I have Lupus. I’ve had it since I was 22 years old. I’m 36 now, relatively stable health wise and in a committed long-term relationship. Things were not always like this, just two years ago I could only work part time, 4 years ago I could only work a few days a week, and 6 years ago I almost died several times and was unable to work at all because I was always in and out of the hospital for long periods of time. Through my journey my family has always had my back, my mother is a strong, passionate, fierce, Jamaican woman who believes in the power of holy oil, prayer circles, and beef soup. Despite having a very supportive village a lot of chronic illness involves intense feelings of isolation and loneliness. After a while I ultimately become accustomed to fighting my battles on my own, worrying about my survival on my own, and desperately trying to manage my pain on my own. But here’s the thing, when you are in a romantic partnership…. you are ideally, practically, and realistically not alone anymore. So, navigating away from my feral habit of survival in a solitarian crisis mode had to adjust. I’ve found that making this adjustment not only benefited me and my health, but it strengthened my relationship with my girlfriend and helped bring back parts of my humanity I’d lost to pain and sadness.
Lupus is the word used to define a defect in the human immune system that causes the body’s own antibodies to attack it. The body produces antibodies that would normally destroy disease and foreign material, but when someone suffers from Lupus those antibodies attack organs like: the skin, kidneys, lungs, heart, nervous system, and the brain. There are approximately 1.5 million Americans with Lupus. 90% of the people in this country who have lupus are women. It is 2 to 3 times more common among women of color.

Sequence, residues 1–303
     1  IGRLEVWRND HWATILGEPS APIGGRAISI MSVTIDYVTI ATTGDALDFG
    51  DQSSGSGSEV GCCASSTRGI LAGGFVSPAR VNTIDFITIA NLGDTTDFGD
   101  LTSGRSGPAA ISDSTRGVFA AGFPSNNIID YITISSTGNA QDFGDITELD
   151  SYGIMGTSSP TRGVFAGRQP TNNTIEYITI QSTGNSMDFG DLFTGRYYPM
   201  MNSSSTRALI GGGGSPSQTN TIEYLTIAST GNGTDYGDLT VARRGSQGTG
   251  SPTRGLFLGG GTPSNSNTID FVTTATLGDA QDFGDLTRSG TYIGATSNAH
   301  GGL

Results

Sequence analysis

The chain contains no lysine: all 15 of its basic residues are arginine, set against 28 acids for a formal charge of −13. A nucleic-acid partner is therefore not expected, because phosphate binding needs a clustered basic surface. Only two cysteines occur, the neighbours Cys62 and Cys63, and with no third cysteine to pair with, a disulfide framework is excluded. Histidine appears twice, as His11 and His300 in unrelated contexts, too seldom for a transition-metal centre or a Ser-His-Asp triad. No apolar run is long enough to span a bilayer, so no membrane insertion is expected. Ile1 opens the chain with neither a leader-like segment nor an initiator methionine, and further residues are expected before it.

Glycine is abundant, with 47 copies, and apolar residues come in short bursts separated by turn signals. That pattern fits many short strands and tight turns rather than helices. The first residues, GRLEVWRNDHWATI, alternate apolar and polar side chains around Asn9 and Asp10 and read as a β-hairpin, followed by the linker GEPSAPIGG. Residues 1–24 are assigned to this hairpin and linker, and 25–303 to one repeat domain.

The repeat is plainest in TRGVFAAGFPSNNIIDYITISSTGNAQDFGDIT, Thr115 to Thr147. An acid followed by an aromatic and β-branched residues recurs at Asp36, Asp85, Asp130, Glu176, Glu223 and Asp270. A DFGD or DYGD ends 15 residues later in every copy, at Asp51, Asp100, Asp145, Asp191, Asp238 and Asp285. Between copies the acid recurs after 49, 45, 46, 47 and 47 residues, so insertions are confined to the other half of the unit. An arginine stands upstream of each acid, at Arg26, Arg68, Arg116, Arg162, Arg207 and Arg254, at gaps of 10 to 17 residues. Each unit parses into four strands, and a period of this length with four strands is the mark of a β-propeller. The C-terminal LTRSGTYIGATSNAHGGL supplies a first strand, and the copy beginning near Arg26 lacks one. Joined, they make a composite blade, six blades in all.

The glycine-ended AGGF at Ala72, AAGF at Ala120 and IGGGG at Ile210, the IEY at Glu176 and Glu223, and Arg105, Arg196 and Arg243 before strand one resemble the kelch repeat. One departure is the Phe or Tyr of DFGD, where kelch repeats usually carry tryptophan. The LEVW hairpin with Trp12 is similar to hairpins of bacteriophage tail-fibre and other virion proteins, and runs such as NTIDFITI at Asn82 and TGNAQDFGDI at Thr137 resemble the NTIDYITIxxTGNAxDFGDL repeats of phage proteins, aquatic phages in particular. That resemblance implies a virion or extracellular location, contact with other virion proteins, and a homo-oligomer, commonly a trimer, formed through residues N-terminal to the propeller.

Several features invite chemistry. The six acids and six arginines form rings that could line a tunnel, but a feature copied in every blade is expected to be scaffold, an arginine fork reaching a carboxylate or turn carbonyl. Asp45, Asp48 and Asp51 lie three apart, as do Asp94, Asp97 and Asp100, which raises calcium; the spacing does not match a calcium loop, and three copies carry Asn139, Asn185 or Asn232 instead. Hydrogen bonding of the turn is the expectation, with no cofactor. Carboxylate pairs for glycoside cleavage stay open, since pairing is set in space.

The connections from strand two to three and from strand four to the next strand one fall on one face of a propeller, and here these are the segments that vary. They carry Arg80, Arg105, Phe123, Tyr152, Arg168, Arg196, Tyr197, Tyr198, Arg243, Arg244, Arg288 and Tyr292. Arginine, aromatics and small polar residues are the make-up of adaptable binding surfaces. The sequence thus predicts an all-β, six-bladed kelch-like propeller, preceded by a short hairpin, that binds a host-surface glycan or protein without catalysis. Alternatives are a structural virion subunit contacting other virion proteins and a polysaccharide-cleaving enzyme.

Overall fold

The disease has taken its toll on me. My body is in ruins, it looks like it’s been to war, half the veins in my arms have been exploded by IVs. I have permanent scaring from hives and flare ups. I have achy joints and I suffer from insomnia because of the medicine I’m on. I’ve lost my hair, my sanity for a time, and I will never have a biological child. But the biggest thing the disease has taken from me is the parts of myself that defined who I was.
It is often said that the treatment for a disease can be worse than the effects of the disease itself. The steroids I take to keep my immune system in check have given me diabetes. Chemo has cost me my hair, my stomach lining, my bone structure, and some of my vision. Once in the middle of a flare my lungs filled with water and I nearly drowned in my hospital bed. I don’t’ cry… I rage. It was during a down time when I was feeling at my lowest that I met the love of my life.